By Marissa White
If sales is both an art and science, then sales operations is very much the science of sales. Sales operations uses historical performance and yields and proven best practices to build sales and lead plans, along with incentivizing schemes to architect success that matches business objectives. Performance against those plans is measured using a number of leading indicators that allow the business to course correct before poor quarterly results are reported.
While sales operations can ideally pinpoint what is wrong, or what is going wrong, it all means nothing without the ability to make changes that will drive improved behavior. This is where sales ops’ best friend comes in: sales enablement. Sales enablement focuses on training, coaching and empowering sales to do their jobs easier. If sales ops is about measuring the ‘what’ to improve, then sales enablement is about ‘how’ to engage. This framework is often delivered at sales kickoff, but it’s important to ensure those directives are pushed throughout the year with constant coaching and guidance.
At many companies the line between sales operations and sales enablement is a blurry one. The staffing will depend on the size of your organization, but in recent years it has become clearer that these are two distinct functions, even if someone is wearing two hats. A few years back, working as a Head of Sales Operations, I did a global road trip with my sales enablement counterpart. It was probably one of the most productive times I’ve spent in the field. The trip really proved to me the 1-2 punch that sales ops and sales enablement can provide an organization.
Here are 3 ways the two functions intersect and how they can improve sales effectiveness and efficiency.
Many first line sales managers are really overwhelmed. They are usually former sales superstars and adapting to their new role. While most act as amazing mentors for their team, some struggle with the training and coaching element of their role. It is this audience that often needs the most support in an organization, and spending time individually with them enables you to provide the guidance they need to support their teams of sellers. On the trip, we did individual sessions with line managers to promote using a data driven approach to identify issues, as well as to offer personalized coaching tips. Most managers were covering pipeline reviews with their teams, but not many were providing real 1:1 meetings and coaching. Of all the work I’ve done with sales audiences, first line managers to me are the most important group to spend time with. To drive a successful program, sales ops and sales enablement need to work together to ensure that the process and behavior you are driving centrally is being enforced at the ground level.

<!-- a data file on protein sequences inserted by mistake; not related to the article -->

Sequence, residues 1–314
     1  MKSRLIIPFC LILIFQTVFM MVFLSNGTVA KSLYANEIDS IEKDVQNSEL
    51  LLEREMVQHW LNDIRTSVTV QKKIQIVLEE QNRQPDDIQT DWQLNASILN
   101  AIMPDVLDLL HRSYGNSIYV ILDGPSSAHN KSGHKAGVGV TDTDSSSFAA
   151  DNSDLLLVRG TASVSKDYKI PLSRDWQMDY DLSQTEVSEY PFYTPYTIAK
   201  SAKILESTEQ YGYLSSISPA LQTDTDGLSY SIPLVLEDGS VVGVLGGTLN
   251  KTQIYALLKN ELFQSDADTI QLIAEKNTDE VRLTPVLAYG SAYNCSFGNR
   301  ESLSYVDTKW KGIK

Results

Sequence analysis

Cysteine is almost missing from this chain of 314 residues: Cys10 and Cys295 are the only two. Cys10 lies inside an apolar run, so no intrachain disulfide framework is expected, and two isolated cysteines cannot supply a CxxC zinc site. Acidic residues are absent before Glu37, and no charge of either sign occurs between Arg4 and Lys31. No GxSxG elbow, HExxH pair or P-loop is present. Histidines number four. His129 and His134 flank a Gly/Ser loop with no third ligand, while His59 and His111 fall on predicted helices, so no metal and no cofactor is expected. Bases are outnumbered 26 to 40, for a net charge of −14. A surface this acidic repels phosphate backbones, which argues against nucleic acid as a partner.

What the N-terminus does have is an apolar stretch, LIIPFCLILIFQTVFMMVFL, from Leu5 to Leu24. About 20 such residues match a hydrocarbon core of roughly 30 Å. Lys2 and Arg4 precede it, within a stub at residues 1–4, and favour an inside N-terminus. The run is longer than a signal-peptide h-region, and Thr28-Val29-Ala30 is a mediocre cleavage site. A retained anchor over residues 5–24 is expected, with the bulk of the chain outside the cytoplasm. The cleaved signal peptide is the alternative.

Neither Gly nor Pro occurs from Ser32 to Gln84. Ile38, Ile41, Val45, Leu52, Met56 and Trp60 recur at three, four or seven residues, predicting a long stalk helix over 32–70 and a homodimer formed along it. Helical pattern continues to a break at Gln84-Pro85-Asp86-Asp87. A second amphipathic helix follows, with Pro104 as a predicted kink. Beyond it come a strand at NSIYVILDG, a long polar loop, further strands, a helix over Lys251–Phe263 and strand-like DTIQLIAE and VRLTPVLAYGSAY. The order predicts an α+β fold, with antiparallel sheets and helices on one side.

2. Interaction with Marketing
Many sales organizations have a frustrating relationship with marketing. Both sides can feel like the other one is not holding up their end of the bargain. Sales ops and sales enablement can both provide an important link between sales and marketing. Sales ops can work with marketing to ensure aligned lead plans and processes. Sales enablement can ensure the right content is being delivered and also that marketing developed content is being used by sales. Working together to develop frictionless cooperation between sales and marketing is a great sales ops and sales enablement collaboration.
While the sessions were incredibly productive, it wasn’t exactly scalable. Providing personalized suggestions for each manager on their team was very time consuming to prepare. While we setup the framework to repeat the analysis and coaching, there wasn’t quite enough to support them to do so. If you think sales enablement tools are perhaps a ‘nice to have’ for your organization, I would challenge you to ask a sales operations lead to do their job without a CRM system. Personally, I would flat out refuse. However, sales enablement leads often have an uphill battle selling the same benefits of technology to support coaching and driving sales behavior. Companies such as SAVO work to empower and champion sales enablement leaders to better support their sales populations by encouraging the right behavior, personalizing the right content, and delivering collateral and messaging at the right time, as well as allowing managers to coach deficiencies.
Sales ops uses data and analysis to identify issues, and sales enablement is the perfect function to target training and coaching to address those deficiencies. This partnership can really drive change and improvement in an organization. To be a strong partnership, it is important that both functions have the staffing, tools, and influence they need to be effective.
Like this article? Check out this webinar on how to drive sales effectiveness through data-driven sales enablement that aligns your entire organization around the opportunities that matter.
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